Law School Discussion

PRENUP - why is it such a sore topic?

Re: PRENUP - why is it such a sore topic?
« Reply #160 on: July 12, 2007, 09:45:03 AM »

everyone has been thinking about salary this and salary that.  what about investment income?  real estate, stocks, whathaveyou.  if one partner makes a shrewd investment or a series of shrewd investments, why should the other partner have a 50% interest in the income from that investment?

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Re: PRENUP - why is it such a sore topic?
« Reply #161 on: July 12, 2007, 09:46:54 AM »
But it's not just about how much money cleaning/raising kids is worth.  It's also about the professional sacrifices the woman made to do that.  ljg's post is a great example of that.

That's why housewives should earn a salary from their husbands.  If the woman doesn't save that money and gets screwed over in a divorce, that's her fault.

what a clown

While it was originally meant fascetiously, I do feel that if a husband expects his wife to stay at home with the babies, provided she is giving up a potentially lucrative career, he should provide her with some sort of compensation outide the amount necessary for upkeep, rearing the kids, etc.  

-OR-

This is what I would do: siphon off money from the joint account every month into another account of which the husband is not aware.  If he decides he wants a divorce...oops!  I have tons of money he doesn't know about.  

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Re: PRENUP - why is it such a sore topic?
« Reply #162 on: July 12, 2007, 09:49:11 AM »

everyone has been thinking about salary this and salary that.  what about investment income?  real estate, stocks, whathaveyou.  if one partner makes a shrewd investment or a series of shrewd investments, why should the other partner have a 50% interest in the income from that investment?

Agreed.  But sometimes life is not fair, like how you earn money and it is taxed, then you put the leftover money into stocks and then they are taxed again when you sell them. 

However, the agreement with my BF is that he will retire and become a househusband when we start a family.  His job will be managing our investments, but we both know that he will just be playing with stocks for which I've provided the purchase money.  I would damn well expect my share of the profits from his schrewd investing.

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Re: PRENUP - why is it such a sore topic?
« Reply #163 on: July 12, 2007, 10:00:10 AM »
But it's not just about how much money cleaning/raising kids is worth.  It's also about the professional sacrifices the woman made to do that.  ljg's post is a great example of that.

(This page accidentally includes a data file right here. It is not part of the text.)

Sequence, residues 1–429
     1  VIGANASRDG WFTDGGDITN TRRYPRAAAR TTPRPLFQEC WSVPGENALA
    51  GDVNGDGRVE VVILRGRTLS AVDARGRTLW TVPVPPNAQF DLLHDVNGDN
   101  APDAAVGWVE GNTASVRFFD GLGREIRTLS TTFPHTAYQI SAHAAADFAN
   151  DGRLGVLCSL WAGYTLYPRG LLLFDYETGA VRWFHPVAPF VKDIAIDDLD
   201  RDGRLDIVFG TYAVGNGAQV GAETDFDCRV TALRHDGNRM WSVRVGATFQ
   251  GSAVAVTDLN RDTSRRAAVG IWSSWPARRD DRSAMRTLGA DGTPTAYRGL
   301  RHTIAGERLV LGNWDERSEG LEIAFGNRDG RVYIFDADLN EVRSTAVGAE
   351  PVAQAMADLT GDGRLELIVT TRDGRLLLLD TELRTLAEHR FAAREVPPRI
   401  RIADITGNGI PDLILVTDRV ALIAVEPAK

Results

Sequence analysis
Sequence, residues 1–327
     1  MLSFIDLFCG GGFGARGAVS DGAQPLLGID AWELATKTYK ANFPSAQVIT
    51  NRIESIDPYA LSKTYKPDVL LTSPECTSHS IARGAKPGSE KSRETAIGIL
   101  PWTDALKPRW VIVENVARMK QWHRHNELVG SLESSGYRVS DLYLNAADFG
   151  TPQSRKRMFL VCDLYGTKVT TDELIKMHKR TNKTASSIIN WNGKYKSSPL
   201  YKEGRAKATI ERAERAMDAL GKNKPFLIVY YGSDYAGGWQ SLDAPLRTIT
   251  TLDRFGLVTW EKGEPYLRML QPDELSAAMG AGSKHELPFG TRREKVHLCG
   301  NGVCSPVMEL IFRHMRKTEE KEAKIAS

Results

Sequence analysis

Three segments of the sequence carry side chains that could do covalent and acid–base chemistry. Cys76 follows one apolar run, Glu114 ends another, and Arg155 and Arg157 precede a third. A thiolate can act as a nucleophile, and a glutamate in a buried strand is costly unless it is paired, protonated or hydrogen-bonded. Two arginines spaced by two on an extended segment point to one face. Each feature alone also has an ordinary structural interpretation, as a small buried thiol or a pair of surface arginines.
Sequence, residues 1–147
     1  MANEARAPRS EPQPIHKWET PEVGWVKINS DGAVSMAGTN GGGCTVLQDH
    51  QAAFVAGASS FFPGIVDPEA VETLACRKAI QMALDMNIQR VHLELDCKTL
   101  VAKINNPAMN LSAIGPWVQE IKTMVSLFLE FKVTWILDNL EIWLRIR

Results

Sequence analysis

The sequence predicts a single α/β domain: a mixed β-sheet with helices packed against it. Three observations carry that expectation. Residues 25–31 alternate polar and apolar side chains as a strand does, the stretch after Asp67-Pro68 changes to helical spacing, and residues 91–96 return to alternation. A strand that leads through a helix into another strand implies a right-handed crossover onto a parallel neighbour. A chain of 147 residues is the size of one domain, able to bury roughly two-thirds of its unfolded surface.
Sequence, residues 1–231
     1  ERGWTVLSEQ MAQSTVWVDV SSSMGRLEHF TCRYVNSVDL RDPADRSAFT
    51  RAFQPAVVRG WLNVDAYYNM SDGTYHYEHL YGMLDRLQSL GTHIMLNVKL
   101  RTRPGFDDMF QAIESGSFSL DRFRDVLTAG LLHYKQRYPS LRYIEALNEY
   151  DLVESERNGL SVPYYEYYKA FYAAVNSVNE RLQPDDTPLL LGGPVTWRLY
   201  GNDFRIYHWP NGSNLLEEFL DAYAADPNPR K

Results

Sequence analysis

I'd agree, this should be taken into consideration.  I still agree with everything e is saying though.  I don't think the woman is entitled to nothing, I just don't think she's entitled to half in every situation.  For example, the girl I've been going out with for a while is going to grad school for social work.  She'll come out making 45k or so, while I'll be closer to 200k.  Say 6-8 years from now we get married and start having kids, she's making 60k or whatever, I'm at 300k.  She quits and raises the kids for 5-10 years, then we get divorced.  I would say she's entitled to what her salary would have been for those years she was raising the kids, not half of mine.

This is my point as well. Although I'm trying to be less subtle and diplomatic about it. Not saying they don't deserve anything, but marrying someone in a high income position shouldn't be an investment in itself.

Re: PRENUP - why is it such a sore topic?
« Reply #164 on: July 12, 2007, 10:05:14 AM »
But it's not just about how much money cleaning/raising kids is worth.  It's also about the professional sacrifices the woman made to do that.  ljg's post is a great example of that.

That's why housewives should earn a salary from their husbands.  If the woman doesn't save that money and gets screwed over in a divorce, that's her fault.

what a clown

While it was originally meant fascetiously, I do feel that if a husband expects his wife to stay at home with the babies, provided she is giving up a potentially lucrative career, he should provide her with some sort of compensation outide the amount necessary for upkeep, rearing the kids, etc.  

-OR-

This is what I would do: siphon off money from the joint account every month into another account of which the husband is not aware.  If he decides he wants a divorce...oops!  I have tons of money he doesn't know about.